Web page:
Observation 47261: Bertrandia astatogala R. Heim

When: 2010-06-21

Collection location: Kaipara harbour, Auckland, New Zealand [Click for map]

Who: Michael W (Michael Wallace)

No specimen available



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Eye3 = Observer’s choice
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By: Debbie Viess (amanitarita)
2010-06-21 07:49:10 PDT (-0700)

Bertrandia, who’s your Daddy? ;)

Where does this cool little shroom fit in? Closest relatives?

I agree too
By: Irene Andersson (irenea)
2010-06-21 05:11:28 PDT (-0700)

Humans aren’t different species because of different colour on skin, hair or eyes, so colour alone doesn’t have to be diagnostic.
Another example is Hygrocybe psittacina, which I have seen red, green and yellow at the same spot (also intermediates with mixed colours).

But Clive’s examples also show other differences, like more elongated spores, less pointed caps, less shaggy caps and stems. So it would indeed be interesting to compare them further.

Hi Irene,
By: Michael W (Michael Wallace)
2010-06-21 03:36:42 PDT (-0700)

Yes, I agree that it is definitely closely related to Hygrocybe conica and have no doubt that if it were found in America or another country it would be placed into that genus.
I don’t think a difference in colour alone should be enough to name a new species if all other characters are a match, it would be interesting to see how the DNA sequences compare with these two colour variations!

I have read
By: Irene Andersson (irenea)
2010-06-21 03:23:57 PDT (-0700)

Clive Shirley’s discussion:
where he writes that Bertrandia is similar to Hygrocybe conica, but not related.
But of course they are related, they do share the same ancestor. The only question is when and where it appeared..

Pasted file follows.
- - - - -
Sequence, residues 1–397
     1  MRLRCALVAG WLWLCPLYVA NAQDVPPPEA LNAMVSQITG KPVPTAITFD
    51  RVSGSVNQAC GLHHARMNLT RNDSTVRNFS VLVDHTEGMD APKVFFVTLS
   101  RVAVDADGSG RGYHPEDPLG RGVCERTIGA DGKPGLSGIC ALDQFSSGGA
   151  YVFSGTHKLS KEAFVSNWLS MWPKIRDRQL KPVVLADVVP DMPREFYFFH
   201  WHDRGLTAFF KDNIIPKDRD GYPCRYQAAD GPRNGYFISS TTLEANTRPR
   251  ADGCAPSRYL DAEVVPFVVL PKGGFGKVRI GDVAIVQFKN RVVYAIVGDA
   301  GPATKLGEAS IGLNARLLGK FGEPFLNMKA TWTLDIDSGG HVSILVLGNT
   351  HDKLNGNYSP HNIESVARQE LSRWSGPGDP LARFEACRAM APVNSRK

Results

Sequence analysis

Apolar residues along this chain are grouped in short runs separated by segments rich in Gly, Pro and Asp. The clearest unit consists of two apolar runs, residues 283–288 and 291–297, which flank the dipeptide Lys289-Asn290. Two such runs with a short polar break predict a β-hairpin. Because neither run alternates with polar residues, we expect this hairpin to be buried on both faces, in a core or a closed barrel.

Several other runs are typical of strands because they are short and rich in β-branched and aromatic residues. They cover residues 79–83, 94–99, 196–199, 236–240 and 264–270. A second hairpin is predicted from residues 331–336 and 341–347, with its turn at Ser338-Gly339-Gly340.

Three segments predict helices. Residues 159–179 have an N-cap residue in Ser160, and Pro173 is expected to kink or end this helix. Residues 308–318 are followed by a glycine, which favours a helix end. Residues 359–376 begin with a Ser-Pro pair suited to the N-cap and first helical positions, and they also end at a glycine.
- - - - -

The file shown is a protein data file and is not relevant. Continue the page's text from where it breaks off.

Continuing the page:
Hygrocybe conica behaves in a similar way. The caps can be yellow, orange or red, the gills can be white, grey, yellow or greenish, the stems usually yellow, but also orange to red. A few colour forms are sometimes treated as separate species, but most of the time as varieties.

I think one opinion is as good as another, but if it’s possible, I’d like to see distinct forms (without existing intermediates) split, rather than lumped. If the opportunity comes with refined DNA-analyses, it makes more sense to compare a Hygrocybe conicopalustris with a chloroides, than comparing a conica with a conica..
You would have the same situation with Bertrandia, of course.

This one,
By: Michael W (Michael Wallace)
2010-06-21 00:58:55 PDT (-0700)
lacks any red pigments in the pileus and stipe and is thought to be an undescribed species but I have doubts about that because the microscopic characters are a match for the description of B. astatogala, it may have something to do with the type of plants that it fruits near?

Created: 2010-06-21 00:54:35 PDT (-0700)
Last modified: 2010-06-21 00:54:37 PDT (-0700)
Viewed: 83 times, last viewed: 2018-04-26 18:53:44 PDT (-0700)
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